There are remnants of the jetty to be seen on the rocky shelf to the left of the boat ramp. In construction, steel dowel pins, 3 inches diameter were inserted into holes drilled into the rocky shelf. Wooden piles with holes drilled into their bases were then positioned onto these to form the structure of the jetty. These dowels can best be seen at low tide. Shifting sands may cover some of them at times. The stern mooring ring is also visible in the area where the steel pins are protruding from the rocky shelf.
In 1892 the Jetty Mine was acquired by Ebenezer Vickery with plans to sink a shaft at the nearby Stoney Creek adjacent to the recently completed South Coast Rail line. With the demand for coal continuing to decline due to the 1895/1896 depression, the sinking of this shaft was deferred. In 1902 the ownership of the mine was transferred to E. Vickery and Sons Limited and in 1909 to the Coal Cliff Collieries Limited Company. These changes were merely legal issues with the venture remaining at all times, firmly in the hands of the Vickery family.
Coal Cliff Collieries Limited
The Coal Cliff Collieries Limited Company, formed in 1909, took over the leases and assets of the original Coal Cliff Company with the aim of developing a mine that was both efficient and profitable. While the shaft proposed earlier was being sunk and the pit top site was being developed, the Jetty Mine remained in operation and the underground workings of the new (Coalcliff) and old (Jetty) mine workings were linked together under ground.
The surface plant for the new mine was very modern and the latest technologies were adopted. In October 1910 the mine shaft and winding equipment was commissioned and in 1916 a direct current (DC) power station building was erected and generating plant installed to provide surface and underground lighting and a source of electric power for mining equipment installed underground. Extensive rail sidings were established with half of the coal mined being allocated to satisfy a contract with the NSW Railways.
In 1912 the jetty ceased to be used as a means of shipping coal having been replaced by access to the State railway line adjacent to the mine site. The entries to the Jetty mine were sealed with concrete in 1992, and remnants of the mine site are visible beneath the Seacliff Bridge.
In 1913 the Illawarra Coke Company Limited commenced construction on a battery of 50 very modern beehive coke ovens on the western side of the State Rail line. Although the Illawarra Coke Company Limited and the Coal Cliff Collieries were two separate companies, the colliery provided the coal, electric power and fresh water for the coke works plant. The coke works was under the control of Mr. H.O. Hyde with the first coke produced from the plant in December 1914.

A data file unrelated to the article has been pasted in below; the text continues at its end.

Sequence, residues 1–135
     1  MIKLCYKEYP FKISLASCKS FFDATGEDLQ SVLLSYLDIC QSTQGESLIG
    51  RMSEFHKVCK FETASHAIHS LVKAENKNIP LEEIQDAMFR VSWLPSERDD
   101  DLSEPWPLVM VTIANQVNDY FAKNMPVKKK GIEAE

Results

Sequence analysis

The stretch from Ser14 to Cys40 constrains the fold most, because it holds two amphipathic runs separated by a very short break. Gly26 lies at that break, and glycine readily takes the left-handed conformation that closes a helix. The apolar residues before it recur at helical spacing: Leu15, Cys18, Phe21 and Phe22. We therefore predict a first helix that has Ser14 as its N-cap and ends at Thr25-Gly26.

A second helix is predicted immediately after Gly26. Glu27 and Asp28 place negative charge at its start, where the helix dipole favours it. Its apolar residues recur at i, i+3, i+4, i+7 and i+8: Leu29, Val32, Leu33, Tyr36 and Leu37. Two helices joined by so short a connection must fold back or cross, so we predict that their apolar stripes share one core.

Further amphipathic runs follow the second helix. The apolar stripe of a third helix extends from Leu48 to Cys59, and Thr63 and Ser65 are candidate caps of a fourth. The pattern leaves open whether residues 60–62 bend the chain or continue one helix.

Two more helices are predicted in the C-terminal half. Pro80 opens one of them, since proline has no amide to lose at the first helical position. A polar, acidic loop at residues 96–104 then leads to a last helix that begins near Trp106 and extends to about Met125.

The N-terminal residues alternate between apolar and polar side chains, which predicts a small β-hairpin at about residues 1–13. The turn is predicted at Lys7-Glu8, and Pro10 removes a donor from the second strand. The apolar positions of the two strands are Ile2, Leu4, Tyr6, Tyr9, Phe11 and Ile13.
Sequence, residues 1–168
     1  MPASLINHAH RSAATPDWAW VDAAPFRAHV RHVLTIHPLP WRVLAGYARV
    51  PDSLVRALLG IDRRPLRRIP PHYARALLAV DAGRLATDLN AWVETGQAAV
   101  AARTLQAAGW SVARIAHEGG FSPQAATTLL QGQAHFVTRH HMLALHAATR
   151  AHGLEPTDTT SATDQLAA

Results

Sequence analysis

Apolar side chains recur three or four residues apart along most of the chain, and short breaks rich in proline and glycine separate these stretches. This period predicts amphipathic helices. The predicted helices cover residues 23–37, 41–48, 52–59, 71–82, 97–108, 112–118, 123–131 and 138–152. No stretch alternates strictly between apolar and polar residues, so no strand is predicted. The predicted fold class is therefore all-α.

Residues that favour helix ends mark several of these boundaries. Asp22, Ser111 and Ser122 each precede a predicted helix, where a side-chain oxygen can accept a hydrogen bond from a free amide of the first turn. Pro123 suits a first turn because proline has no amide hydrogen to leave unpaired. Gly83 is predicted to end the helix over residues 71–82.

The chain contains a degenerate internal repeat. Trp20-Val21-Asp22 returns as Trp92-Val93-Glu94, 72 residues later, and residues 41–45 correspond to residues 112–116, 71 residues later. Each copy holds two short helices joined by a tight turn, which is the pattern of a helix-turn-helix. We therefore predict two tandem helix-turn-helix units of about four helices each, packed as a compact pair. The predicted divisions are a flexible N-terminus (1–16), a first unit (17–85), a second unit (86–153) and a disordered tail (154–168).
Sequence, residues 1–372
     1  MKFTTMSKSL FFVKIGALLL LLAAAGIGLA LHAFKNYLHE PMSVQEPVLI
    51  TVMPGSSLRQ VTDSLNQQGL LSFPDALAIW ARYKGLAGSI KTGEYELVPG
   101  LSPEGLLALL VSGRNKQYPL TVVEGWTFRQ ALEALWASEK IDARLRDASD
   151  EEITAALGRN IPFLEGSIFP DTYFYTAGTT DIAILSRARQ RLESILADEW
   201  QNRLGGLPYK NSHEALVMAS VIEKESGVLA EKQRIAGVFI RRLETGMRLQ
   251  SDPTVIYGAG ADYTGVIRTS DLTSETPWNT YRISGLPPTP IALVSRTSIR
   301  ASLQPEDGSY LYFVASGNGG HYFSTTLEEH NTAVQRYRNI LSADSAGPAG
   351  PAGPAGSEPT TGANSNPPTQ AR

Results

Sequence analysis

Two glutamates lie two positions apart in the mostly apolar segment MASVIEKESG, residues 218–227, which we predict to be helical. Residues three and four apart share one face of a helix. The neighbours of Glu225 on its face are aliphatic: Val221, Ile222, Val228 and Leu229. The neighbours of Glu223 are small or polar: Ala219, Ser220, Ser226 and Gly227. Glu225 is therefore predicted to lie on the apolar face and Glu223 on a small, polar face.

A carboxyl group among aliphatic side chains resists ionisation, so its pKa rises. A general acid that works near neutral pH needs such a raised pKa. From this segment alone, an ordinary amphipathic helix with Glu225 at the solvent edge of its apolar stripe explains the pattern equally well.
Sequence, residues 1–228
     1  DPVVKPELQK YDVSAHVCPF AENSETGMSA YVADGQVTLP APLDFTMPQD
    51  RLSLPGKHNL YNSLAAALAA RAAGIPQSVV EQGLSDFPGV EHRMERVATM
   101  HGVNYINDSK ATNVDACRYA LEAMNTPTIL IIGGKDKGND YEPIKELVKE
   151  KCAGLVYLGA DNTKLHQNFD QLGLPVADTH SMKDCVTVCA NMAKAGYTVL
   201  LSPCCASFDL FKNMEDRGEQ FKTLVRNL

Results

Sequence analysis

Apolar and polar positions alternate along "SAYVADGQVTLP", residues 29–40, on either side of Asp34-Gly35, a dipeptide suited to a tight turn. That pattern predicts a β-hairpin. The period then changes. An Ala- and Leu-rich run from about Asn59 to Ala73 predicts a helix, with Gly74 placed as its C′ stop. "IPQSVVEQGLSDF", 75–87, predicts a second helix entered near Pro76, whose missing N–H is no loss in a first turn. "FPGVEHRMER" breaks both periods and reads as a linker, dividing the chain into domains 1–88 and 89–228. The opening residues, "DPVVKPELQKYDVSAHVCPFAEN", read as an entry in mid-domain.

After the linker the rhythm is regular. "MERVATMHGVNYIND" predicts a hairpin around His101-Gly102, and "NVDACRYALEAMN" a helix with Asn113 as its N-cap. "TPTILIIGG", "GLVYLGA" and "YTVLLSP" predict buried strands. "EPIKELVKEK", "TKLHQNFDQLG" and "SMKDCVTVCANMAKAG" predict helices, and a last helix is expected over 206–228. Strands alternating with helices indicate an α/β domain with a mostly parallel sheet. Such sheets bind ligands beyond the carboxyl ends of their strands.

The Coal Cliff mine expanded rapidly and in 1919, with 337 men employed underground, the capacity of the shaft winding plant, to accommodate the handling of both men, materials and coal mined was proving to be a major problem. To overcome this problem, in 1920 a cross measures drift was driven from the surface east of the winding shaft to the coal seam to provide an access for both men and materials and create an additional mine ventilation intake airway.
During 1926/27 major alterations were made to the mines power supply system installed in 1916, by replacing the direct current power supply with a 50 cycle alternating current system and the erection of a new power house building.
In April 1928 Vickery & Sons engaged consultant D.A.W. Robertson who carried out an audit of the company’s operation and recommended major changes to improve the productivity of the mine and the expenditure of a large capital expenditure on plant and equipment.
Industrial unrest during the period 1929 to 1931 and the Great Depression delayed the implementation of Robertson’s recommendations; however in 1935 a new coal screening plant was erected on the surface and in 1938 new pit top buildings and dust collecting plant was installed. Shortages of materials, capital funds and industrial unrest during the World War 2 created delays in fully implementing the recommended changes. Progress in introducing mechanised mining was slow due to the militant attitude of the mining unions on one hand, and reluctance by the mine owners on the other to commit large amounts of capital funds whilst these attitudes existed in the Miners Unions.